Social Media Background Checks On The Rise

Yahoo Contributor Network

COMMENTARY | While social media background checks are something that privacy advocates will want to take a shot at, what the practice does is hold people accountable for their actions. Companies want to know if an applicant has posted odd videos on the Internet or blog posts that contain racist or unsavory content, and every company deserves a chance to really know who exactly is applying for a job.

Obviously, social media background checks cannot be the only tool companies use when deciding who gets a job. If someone over the legal drinking age posts a few pics of them hanging out with a cold beer,  what's the big deal? Just like many social network consulting firms have stated, companies are looking for red flags. Those red flags include: references to drugs, inflammatory racist statements, and sexually explicit photos or messages.

The bulk of the argument for the practice is that all the information being gathered is publicly available anyway. However, when a company is making a buck by putting someone's social network life into a dossier, the practice does seem unsavory. However, if the applicant put it out there, they should be ready for the consequences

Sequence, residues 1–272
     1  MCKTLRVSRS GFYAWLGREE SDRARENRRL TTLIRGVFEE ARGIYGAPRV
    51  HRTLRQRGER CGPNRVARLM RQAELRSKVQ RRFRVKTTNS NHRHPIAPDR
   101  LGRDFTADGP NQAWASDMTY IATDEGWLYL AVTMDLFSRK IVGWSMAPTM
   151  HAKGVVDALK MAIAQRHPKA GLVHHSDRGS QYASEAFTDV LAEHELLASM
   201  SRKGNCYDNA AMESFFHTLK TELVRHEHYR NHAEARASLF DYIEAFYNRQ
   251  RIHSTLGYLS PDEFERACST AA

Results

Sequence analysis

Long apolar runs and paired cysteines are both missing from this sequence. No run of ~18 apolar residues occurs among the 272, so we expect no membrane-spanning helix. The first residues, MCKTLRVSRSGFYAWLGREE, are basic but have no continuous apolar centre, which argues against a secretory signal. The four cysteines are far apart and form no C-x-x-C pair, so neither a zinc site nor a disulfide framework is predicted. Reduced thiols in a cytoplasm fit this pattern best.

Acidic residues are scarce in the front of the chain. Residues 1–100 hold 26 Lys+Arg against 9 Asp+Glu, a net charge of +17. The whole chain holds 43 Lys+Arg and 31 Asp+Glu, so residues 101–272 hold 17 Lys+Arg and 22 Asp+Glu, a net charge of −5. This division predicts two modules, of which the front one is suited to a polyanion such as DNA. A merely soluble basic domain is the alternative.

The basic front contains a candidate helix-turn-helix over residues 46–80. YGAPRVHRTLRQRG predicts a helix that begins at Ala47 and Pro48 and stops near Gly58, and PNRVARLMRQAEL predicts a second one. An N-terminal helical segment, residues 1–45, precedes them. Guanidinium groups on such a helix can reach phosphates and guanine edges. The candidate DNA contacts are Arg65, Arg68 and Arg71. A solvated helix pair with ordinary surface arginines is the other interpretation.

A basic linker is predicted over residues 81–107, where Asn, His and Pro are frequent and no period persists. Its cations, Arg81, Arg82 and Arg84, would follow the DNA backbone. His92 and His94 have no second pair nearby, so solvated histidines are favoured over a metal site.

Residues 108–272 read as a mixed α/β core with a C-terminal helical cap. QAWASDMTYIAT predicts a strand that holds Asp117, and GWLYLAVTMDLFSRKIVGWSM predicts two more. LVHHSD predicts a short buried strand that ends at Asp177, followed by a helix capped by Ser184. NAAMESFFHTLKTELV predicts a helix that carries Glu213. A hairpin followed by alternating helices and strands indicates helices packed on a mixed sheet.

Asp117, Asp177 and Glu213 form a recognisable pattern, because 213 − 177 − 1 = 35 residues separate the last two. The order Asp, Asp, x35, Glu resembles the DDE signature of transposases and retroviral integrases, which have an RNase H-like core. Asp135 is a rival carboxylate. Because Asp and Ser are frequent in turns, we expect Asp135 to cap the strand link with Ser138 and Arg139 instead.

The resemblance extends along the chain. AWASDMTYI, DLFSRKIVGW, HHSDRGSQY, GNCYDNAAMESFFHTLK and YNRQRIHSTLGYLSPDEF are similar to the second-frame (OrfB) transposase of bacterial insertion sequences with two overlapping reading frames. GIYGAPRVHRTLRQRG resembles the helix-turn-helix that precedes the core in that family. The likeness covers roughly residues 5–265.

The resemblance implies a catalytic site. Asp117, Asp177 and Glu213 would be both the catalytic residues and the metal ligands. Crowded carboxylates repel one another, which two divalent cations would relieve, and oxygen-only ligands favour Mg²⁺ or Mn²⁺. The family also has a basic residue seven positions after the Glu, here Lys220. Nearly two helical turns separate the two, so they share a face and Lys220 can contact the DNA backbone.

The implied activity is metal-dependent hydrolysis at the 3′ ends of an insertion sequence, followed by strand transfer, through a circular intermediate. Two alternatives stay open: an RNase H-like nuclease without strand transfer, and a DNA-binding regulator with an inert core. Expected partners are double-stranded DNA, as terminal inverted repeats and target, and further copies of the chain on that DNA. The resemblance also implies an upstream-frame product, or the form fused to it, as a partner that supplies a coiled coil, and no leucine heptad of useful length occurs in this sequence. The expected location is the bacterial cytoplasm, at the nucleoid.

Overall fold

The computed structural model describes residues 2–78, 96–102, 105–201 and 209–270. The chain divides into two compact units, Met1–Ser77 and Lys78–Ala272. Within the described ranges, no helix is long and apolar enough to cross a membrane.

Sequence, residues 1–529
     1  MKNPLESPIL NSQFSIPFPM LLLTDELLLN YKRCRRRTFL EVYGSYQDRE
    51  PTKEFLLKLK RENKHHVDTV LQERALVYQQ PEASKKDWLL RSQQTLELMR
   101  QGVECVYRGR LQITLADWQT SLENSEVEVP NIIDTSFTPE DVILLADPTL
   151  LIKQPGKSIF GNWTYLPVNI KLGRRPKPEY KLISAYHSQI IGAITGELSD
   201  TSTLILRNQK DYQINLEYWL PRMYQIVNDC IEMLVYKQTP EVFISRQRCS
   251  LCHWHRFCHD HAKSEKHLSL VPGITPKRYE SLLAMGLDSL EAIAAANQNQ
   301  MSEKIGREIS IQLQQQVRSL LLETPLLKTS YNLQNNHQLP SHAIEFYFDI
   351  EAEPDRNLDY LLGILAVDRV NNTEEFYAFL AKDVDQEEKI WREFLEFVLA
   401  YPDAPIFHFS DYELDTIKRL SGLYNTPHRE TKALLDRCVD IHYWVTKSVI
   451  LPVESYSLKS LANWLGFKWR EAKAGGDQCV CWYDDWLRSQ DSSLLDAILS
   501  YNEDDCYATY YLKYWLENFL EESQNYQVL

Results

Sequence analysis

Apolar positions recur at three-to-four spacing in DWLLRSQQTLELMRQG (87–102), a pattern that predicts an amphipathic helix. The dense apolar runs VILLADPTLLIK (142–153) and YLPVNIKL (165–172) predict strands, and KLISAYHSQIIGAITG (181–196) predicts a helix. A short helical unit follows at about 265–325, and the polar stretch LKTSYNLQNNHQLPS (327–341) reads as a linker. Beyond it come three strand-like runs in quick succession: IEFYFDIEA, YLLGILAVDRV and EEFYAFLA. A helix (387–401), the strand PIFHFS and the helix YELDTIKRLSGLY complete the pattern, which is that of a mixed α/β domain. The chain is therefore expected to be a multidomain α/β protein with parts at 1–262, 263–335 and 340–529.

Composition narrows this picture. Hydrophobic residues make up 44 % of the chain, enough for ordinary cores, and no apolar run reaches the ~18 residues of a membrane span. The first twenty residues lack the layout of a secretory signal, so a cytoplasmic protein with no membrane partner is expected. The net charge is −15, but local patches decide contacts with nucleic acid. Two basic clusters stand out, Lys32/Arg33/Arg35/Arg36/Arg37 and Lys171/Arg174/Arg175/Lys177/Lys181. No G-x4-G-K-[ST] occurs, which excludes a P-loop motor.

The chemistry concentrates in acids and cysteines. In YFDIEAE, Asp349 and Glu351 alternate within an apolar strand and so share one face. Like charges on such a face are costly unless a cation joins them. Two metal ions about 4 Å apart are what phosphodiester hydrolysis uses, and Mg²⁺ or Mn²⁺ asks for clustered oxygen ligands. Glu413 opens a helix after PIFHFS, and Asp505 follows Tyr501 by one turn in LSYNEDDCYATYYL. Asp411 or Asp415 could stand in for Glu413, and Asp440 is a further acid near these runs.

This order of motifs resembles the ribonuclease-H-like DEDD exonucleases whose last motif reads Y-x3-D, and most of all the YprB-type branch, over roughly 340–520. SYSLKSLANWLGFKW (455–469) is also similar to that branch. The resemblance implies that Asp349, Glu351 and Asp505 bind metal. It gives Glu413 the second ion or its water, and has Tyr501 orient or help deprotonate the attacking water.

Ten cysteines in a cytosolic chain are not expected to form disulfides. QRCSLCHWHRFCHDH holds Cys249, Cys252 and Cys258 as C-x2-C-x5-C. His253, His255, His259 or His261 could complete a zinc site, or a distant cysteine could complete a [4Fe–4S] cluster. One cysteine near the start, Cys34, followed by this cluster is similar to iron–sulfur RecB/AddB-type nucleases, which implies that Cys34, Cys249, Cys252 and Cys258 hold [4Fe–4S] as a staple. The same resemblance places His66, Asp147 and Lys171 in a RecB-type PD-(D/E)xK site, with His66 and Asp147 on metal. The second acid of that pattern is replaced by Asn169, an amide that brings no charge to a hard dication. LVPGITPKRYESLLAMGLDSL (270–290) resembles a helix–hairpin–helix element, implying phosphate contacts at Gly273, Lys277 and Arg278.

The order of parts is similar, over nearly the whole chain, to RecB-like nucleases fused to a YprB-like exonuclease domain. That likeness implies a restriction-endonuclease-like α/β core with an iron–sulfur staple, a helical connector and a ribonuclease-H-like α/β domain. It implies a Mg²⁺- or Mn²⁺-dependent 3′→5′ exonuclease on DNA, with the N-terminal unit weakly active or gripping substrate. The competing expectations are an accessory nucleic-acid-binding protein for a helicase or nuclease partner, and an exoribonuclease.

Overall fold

The news is filled with stories about folks being fired for Facebook posts or Twitter updates. So the natural question is: Why not check potential employees out prior to giving them a job? Everyone should remember that if you put something online, it's there forever.

People shouldn't be judged by what they do away from work. Then again, what impact does a credit report play in the hiring process? The social media background check is just a natural extension of the technology in regular use by millions of people.

Folks need to figure out privacy settings and pay attention to who they are friending or who is following them. The bottom line is pretty simple: If you don't want to see it later, don't put it on the Internet.

Jason Gallagher is a former travel professional and long-time Pennsylvania resident. These experiences give him a first-hand look at developing situations in the state and everything included in the travel industry from technology to trends.

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